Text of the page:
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If you only have a casual acquaintance with the tech space, you might imagine that smartwatches begin and end with the Apple Watch. And while there were plenty of smartwatches in play before Apple announced its go at the space, you’d actually be pretty on the money.
According to a new study from research company IHS, the global smartwatch market will grow from 3.6-million unit shipments in 2014, to 101-million shipments in 2020. Thing is, that figure pretty much hinges on the Apple Watch doing well.
“Apple Watch success will drive the overall smartwatch market,” said Antonios Maroulis, analyst at IHS Technology. “The smartwatch will become a key accessory device offered by most leading smartphone manufacturers seeking to dominate this new profitable market. We forecast the ratio of smartwatch shipments to smartphone shipments will increase from 1:500 to 1:20 between 2014 and 2020.”
Apple’s entry into the market, the company says, will benefit all smartwatch suppliers as Apple’s marketing raises consumer awareness of the category and explains the benefits clearly.
The fact that the Apple Watch requires a modern iPhone and has a starting price of US$349, does however mean that there’s a fairly substantial opportunity not being addressed by the Cupertino-based giant.
The two billion Android smartphone users and those Apple customers unwilling to spend so much on a smartwatch is a large target for Android smartwatch makers.
According to IHS’ baseline smartwatch forecast, Apple’s 2015 Apple Watch shipments will hit 19-million units, or 56% of the total smartwatch market. Over time, IHS forecasts Apple’s share of the market will fall to 38% in 2020 as other smartwatch makers refine their products and successfully serve the vast Android smartphone market, which Apple chooses not to address.
The research company reckons that Google’s Android Wear will ship 96-million units over the next five years, leveraging the vast Android smartphone installed base. Should Google add iPhone support, it will increase its addressable market still further, the IHS report says.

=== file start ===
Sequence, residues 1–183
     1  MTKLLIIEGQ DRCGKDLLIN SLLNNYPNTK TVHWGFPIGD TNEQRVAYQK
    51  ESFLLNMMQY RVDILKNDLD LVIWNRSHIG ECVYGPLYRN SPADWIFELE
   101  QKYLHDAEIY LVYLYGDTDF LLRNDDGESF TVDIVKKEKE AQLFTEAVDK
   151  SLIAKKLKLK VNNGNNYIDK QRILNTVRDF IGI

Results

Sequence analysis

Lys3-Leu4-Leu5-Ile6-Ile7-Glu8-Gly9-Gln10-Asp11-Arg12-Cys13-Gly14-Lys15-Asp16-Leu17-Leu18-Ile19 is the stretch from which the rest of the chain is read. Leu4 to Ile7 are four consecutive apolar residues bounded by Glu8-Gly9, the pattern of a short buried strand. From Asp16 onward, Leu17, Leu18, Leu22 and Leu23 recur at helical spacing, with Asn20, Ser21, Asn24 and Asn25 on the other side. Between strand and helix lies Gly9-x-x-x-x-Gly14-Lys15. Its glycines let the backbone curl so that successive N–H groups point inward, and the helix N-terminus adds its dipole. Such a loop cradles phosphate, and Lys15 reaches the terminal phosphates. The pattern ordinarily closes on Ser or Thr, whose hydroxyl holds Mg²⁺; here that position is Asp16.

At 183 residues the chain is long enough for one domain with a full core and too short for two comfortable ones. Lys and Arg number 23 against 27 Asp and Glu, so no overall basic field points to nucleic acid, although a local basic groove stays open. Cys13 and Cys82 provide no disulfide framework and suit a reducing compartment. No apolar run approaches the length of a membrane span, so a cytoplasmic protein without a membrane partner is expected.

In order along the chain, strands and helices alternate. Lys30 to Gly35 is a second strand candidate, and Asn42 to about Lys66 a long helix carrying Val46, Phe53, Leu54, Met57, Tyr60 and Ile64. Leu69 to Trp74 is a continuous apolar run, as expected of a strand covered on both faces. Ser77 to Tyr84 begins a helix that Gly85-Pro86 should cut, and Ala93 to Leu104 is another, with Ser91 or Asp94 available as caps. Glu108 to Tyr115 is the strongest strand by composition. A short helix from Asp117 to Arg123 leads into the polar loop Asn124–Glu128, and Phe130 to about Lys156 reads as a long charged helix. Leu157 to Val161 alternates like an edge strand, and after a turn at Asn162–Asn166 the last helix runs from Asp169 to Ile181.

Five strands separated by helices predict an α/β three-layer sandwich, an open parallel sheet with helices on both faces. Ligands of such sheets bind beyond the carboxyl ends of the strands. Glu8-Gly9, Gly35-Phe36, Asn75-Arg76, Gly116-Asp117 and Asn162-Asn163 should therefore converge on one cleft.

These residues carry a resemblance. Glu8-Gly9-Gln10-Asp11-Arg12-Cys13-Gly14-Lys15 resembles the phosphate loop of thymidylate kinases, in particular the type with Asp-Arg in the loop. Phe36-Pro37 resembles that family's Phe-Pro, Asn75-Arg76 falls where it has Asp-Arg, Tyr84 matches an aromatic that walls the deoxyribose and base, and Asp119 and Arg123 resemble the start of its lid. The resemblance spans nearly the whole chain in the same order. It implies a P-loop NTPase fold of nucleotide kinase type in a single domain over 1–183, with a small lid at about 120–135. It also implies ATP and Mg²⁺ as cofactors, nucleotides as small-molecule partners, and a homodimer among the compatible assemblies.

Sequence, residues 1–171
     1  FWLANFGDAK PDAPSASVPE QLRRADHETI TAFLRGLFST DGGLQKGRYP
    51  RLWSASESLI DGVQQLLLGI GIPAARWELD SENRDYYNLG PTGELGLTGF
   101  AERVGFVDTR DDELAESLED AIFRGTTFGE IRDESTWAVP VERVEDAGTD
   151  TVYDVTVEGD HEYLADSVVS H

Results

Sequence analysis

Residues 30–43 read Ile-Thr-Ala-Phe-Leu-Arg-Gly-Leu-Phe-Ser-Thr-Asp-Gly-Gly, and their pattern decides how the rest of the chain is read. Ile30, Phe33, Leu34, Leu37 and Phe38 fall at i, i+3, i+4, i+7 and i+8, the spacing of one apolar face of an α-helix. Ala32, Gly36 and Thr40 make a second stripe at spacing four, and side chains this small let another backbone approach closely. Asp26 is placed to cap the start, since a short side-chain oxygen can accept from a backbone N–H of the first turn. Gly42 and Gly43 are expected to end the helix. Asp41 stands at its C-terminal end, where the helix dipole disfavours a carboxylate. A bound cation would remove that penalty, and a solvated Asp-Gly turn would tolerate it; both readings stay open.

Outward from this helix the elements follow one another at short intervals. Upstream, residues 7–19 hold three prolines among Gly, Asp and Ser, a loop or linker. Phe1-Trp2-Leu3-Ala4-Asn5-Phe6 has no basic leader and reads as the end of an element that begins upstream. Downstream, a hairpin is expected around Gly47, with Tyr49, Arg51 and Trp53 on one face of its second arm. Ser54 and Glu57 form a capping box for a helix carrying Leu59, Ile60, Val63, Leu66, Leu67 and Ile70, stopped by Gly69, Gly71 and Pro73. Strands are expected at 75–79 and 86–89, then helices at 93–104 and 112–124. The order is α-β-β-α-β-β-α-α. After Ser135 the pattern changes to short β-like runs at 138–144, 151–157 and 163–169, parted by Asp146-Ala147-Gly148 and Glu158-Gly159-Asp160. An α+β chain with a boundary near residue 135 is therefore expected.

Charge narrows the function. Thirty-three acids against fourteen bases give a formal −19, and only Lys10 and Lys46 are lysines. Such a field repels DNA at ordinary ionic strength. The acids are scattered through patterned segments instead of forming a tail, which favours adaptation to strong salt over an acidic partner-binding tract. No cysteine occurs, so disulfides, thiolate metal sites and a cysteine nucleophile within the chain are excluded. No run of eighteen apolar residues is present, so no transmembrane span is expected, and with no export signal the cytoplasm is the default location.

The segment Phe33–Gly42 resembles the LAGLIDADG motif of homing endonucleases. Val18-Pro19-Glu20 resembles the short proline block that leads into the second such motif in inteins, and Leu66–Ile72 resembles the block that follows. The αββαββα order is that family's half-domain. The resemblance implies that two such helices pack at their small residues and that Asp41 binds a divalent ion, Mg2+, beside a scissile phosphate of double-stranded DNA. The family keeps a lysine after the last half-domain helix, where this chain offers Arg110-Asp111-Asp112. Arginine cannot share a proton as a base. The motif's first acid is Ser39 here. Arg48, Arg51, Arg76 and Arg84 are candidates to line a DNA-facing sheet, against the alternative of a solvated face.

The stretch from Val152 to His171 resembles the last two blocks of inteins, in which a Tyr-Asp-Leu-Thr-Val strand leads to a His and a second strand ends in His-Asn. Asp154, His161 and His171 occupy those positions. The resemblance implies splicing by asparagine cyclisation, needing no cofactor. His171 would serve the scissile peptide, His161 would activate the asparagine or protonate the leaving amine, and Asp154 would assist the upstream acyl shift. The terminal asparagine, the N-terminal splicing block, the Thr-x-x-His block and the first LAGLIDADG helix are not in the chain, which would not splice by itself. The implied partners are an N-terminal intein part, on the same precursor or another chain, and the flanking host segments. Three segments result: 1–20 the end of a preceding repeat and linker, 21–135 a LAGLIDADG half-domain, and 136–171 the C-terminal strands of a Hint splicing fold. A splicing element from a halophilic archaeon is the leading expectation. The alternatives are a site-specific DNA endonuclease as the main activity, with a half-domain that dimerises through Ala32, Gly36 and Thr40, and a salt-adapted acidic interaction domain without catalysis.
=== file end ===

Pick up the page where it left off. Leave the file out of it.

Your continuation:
“Should Apple stumble with its foray into smartwatches, the smartwatch market will suffer similarly. Smartwatches could then follow the fate of Google Glass. Without Apple and its marketing strength, the smartwatch category needs greater marketing spend from other smartwatch makers to overcome damage to consumer perceptions,” forecasts Ian Fogg, senior director of Mobile & Telecoms at IHS. “Apple’s smartwatch competitors need the Apple Watch to succeed.”
“Delivering a wide range of apps will be critical for smartwatch success,” Maroulis says. “Apple’s and Google’s success with existing smartphone application stores will give them an invaluable head start over challengers.”
According to IHS, Apple has an advantage in smartwatches because of the quality and range of apps for iOS devices such as the iPhone and the iPad. Similarly, Google has a head start because of the Google Play Android app store. Device makers may find tactical success in the short run with proprietary OS platforms such as Pebble or niche open platforms such as Tizen which Samsung supports. But in the long term, only standard platforms that are supported by many hardware makers will deliver sufficient scale to prove attractive to app makers.
Because of weak app ecosystems, IHS forecasts other smartwatch OS devices, excluding Apple and Android Wear, to amount to just 40% of smartwatch shipments in 2020.